Basketball wasn’t really working for Kiyara Oster and Natalee Kibbe.

So instead of not participating in a winter sport, the two Manton High School seniors went in a different direction.

Let’s just say they’ve found something they love.

Oster and Kibbe are two of eight girls on Manton’s wrestling team and are a part of an explosion of females competing in the sport across the state.

The upswing in numbers has led to the MHSAA adding girls’ wrestling to one of the sports it sponsors and the girls will compete right alongside the boys at the Individual State Finals in March at Ford Field.

Girls will compete with their teams during the MHSAA Team Tournament but then can choose to compete in the boys’ individual tournament or go into the girls.

“I really appreciate that,” Oster said. “They are seeing us as real competitors now rather than just being with the boys.

“As much as I want to say there’s not a disadvantage to being a girl in wrestling, there really is and I feel like now that I am able to wrestle more girls, I can kind of see my potential and my actual growth with it and it’s really boosted my confidence.”

Kibbe is still OK with competing against boys but is pumped that she’ll be able to compete for a championship against all girls.

“I think it’s really cool that they are finally accepting that we’re equal to the boys and we should have our own (tournament),” she said. “We do have advantages and disadvantages against the boys.

“Girls are more flexible than most boys so we can get out of cradles or whatever a lot better. At the same time, boys tend to have stronger arms and we struggle with that a lot.”

The Michigan Wrestling Association began hosting a girls state finals event in 2019. It went from 167 competitors that year to 254 in 2020 and dropped to 210 in 2021 amid the COVID-19 pandemic.

Yet, with growth continuing at a high rate, the MHSAA voted to add a fifth division of girls to the state finals beginning in March.

Girls will qualify for the state finals by placing in the top eight of their respective weight class at one of two sectional meets Feb. 20 at Howell or Hartland high schools. There are 14 weight classes for the girls — 100, 105, 110, 115, 120, 125, 130, 135, 140, 145, 155, 170, 190 and 235 pounds.

Both girls have already thought about goals for the finals, too.

“I want to at least place,” Oster said. “I am currently ranked fifth in the state and my goal is to at least place in my class.”

Kibbe is taking a more open approach.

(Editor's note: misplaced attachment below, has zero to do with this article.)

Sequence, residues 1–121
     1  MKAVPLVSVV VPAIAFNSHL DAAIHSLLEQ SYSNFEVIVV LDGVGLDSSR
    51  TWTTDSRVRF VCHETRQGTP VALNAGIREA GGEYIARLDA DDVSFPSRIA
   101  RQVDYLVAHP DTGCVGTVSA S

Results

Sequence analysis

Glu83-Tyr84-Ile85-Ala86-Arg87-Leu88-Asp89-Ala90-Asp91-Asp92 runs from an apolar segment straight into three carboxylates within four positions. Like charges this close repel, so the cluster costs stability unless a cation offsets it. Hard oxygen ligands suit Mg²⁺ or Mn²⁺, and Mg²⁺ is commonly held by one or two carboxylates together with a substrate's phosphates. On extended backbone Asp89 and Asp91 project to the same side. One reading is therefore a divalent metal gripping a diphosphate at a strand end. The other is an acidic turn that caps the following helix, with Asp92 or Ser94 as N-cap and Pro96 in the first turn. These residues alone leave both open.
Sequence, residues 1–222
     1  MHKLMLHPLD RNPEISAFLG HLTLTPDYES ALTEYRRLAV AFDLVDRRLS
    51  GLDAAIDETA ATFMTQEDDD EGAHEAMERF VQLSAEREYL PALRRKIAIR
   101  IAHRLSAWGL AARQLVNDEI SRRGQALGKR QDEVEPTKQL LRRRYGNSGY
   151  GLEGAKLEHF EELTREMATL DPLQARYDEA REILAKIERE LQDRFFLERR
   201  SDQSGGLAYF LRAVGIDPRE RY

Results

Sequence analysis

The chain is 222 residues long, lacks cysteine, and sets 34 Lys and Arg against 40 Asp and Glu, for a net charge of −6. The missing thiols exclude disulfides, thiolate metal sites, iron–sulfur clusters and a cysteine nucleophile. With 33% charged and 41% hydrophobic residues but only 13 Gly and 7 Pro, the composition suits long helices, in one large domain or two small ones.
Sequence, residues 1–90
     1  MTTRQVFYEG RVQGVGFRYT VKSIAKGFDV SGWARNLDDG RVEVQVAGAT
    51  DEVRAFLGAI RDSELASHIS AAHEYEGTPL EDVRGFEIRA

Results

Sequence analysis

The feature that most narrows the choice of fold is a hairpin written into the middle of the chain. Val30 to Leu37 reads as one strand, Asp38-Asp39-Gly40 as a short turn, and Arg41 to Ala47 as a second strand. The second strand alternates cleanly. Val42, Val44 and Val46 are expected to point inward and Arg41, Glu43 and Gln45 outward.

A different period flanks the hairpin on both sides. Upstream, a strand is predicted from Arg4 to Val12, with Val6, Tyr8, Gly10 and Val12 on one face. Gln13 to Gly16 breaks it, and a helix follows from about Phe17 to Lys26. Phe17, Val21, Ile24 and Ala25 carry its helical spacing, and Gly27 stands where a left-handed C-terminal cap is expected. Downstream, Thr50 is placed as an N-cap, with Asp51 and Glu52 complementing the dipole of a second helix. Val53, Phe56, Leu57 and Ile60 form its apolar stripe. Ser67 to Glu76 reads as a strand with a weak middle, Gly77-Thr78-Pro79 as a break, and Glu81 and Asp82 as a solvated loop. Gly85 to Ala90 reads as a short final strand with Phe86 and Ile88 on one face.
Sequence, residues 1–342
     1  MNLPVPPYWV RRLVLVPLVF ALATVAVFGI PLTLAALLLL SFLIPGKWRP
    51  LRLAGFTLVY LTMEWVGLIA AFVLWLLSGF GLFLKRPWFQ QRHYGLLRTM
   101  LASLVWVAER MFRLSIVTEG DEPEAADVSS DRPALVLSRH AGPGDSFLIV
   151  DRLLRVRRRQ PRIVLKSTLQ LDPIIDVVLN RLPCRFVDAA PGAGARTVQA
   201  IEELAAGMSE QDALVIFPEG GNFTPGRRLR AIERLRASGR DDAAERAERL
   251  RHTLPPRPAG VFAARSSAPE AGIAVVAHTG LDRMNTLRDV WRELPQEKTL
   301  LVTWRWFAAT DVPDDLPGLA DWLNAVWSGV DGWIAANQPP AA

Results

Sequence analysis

“My goal is just to be happy with my performance,” she said.

Both girls are pretty happy they found wrestling, as well.

Kibbe had been around basketball most of her life with her siblings and other family members so she knew very little about the sport.

“My whole family is a basketball family,” she said. “So I played eighth grade and into ninth grade and I really liked it at the beginning but then, every year, it was just like I wasn’t feeling it. Finally, my freshman year, I sat the bench the whole year.

“I said I was going to try something new my sophomore year and see how I like it. I tried wrestling and I just stuck with it…I really liked it.

“I love the fact that we all win as a team and lose as a team even though we’re individuals competing. We all work together to get those wins and we all work together in the losses.”

Oster was a basketball player, too, but an ankle injury largely stopped that.

“I messed up my ankle pretty bad (as a freshman) and I ended up having to have surgery. My mom told me no more basketball because I just have really bad ankles.

“I had no idea what I was going to do in the winter to stay in shape.”

Her proverbial epiphany came from seeing Manton’s Jake Renfer take second at 285 pounds at the MHSAA Division 4 Individual State Finals in 2019.

“I remembered that Jake placed at states and I was, like, wrestling could be something I could see in my future with how it’s been growing and so I joined.”

Oster took third at 190 pounds in the Lady Mat Cat Invitational Dec. 30 in Montague while Kibbe was third at 125.

Also that day, Manton’s Reganne Stahl took third at 100; Chloe Colton was second at 110; Kennedi Wahmhoff third at 120; and Makayla Gowell second at 170.

Girls can only compete in one weekend tournament, meaning if they compete with the boys on Saturday, they can’t compete in a Sunday girls’ tournament when a number of them are held.

Boyne City is hosting a large girls’ invitational on Saturday with 27 teams invited, including Cadillac (three registered — Jackie Corn, Evelyn Barran and Keegan Gonzalez) and Manton (eight registered). Evart, Lake City and Reed City, which has several girls on its roster, are also listed but have not registered any competitors.

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